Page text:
• Sure, I agree with this. I think there’s a difference between proactively providing a platform to someone and hiding things away after you’ve been made a fool.

      • before even going into all of this, ask yourself: how many calls for nuclear power have you seen out of global warming advocates? precious few – the last time a NASA scientist tried, he was somehow called out as a climate denier…lol…

        Now, why is this relevant? Well, ‘green’ power (wind, solar) is incredibly expensive (dams aren’t but only so many locations), as are electric cars and renewable fuels.

        Because they’re so expensive, it will obviously be hard to implement them quickly and extensively enough to stem the climate tides; even with all the effort and hundreds of billions of dollars America has pumped in, we’ve only reached about 13% renewable energy usage. When you factor in the fact that climate scientists aren’t entirely sure when we will reach the breaking point (they have strong estimates but no certainty), and the unwillingness of many developing countries to make do with renewable energy, you would think that all measures possible should be taken to ensure the survival of our planet, right?

        Thus, nuclear. Sure, nuclear waste is nasty, and if there is a meltdown (very unlikely but still) it would be extremely unfortunate, but what is any of that against the end of the world? Not only that, but the cost of averting global warming, even if we managed it, would be tremendous; so much so that we could just divert part of that money towards nuclear, divert another part towards feeding every starving person on the planet, and have money left over for whatever is necessary. (Zika outbreak? have 10 billion and fix it. Tsunami in Japan? a little MONEY should take care of the flood damage and give everyone respectable funerals. Etc, Etc)

        yet, as I mentioned, any time this is brought up, it is roundly denounced by the high-up and official climate voices.

        why? well, could be because they don’t think global warming is real? hey, don’t take it from me, take it from Al Gore~

  8. By this logic the Jewish people should be happy about the Holocaust because it led to the creation of the modern state of Israel.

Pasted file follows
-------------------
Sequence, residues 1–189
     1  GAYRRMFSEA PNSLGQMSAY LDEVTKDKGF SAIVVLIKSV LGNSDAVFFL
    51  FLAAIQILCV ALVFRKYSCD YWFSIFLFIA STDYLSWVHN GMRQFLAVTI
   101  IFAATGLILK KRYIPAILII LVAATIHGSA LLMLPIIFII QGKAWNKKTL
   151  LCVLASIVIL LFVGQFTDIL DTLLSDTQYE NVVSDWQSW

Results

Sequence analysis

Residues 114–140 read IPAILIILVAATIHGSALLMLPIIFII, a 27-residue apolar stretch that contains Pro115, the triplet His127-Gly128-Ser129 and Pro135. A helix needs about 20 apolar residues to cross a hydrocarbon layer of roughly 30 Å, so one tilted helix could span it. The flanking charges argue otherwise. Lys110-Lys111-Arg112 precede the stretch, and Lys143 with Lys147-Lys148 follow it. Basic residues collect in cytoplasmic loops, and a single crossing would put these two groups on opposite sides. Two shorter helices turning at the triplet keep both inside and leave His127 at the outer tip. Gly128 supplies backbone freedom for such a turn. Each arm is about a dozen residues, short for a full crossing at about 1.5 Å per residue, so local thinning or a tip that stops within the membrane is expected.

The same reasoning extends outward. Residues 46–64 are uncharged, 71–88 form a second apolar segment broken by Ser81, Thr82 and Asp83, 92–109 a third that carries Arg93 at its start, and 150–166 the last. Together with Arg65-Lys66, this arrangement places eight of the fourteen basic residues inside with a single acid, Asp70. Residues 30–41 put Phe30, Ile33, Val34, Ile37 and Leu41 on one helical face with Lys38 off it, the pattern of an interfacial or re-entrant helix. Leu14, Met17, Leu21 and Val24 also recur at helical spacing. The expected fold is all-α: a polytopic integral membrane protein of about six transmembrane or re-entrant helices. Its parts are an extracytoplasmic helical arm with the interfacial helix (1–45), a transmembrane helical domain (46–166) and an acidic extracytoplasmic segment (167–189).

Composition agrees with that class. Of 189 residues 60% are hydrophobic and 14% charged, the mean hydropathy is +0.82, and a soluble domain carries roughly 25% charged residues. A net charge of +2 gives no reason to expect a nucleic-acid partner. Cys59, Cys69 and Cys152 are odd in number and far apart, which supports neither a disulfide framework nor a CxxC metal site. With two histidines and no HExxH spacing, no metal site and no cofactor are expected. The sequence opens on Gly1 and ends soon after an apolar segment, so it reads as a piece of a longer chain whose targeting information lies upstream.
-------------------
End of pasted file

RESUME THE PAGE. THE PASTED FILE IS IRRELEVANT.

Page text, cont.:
I believe that some American right-wing pastor (Hagee??) has actually made this argument, that Hitler was doing God’s will because his actions led directly to the state of Israel that we know today.

    • oh, yeah, i’ve heard that argument before.

      i don’t entirely disagree, in a way. but at the same time, it was not a price worth paying, and more importantly, it still took the Jews so much time and blood of their own to establish and defend their state. If the holocaust had ended and Israel was then created and defended from assault by outside forces, there would be a very interesting case to be argued, though.

  9. Eric Muller says:

    BDH folks, I think you’ve made a mistake by taking the piece down. I understand that you didn’t intend to publish it, but you did. Mistakenly published or not, the piece has now become a matter of public debate. By taking the piece down you are depriving members of the Brown community (like me, an alum) from knowing what the debate’s about, and you’re guaranteeing that even the discussion taking place on campus will be based on hearsay-based, distorted accounts of what the author actually said.

    Put the piece back up.

  10. Here’s the article, if anyone wants to read it:

    • '`*-.,_,-*'`*~-.,.~*'*~ (2014) says:
    • Thanks! The internet doesn’t forget, but the BDH didn’t get that memo. They never heard of the Streisand effect either.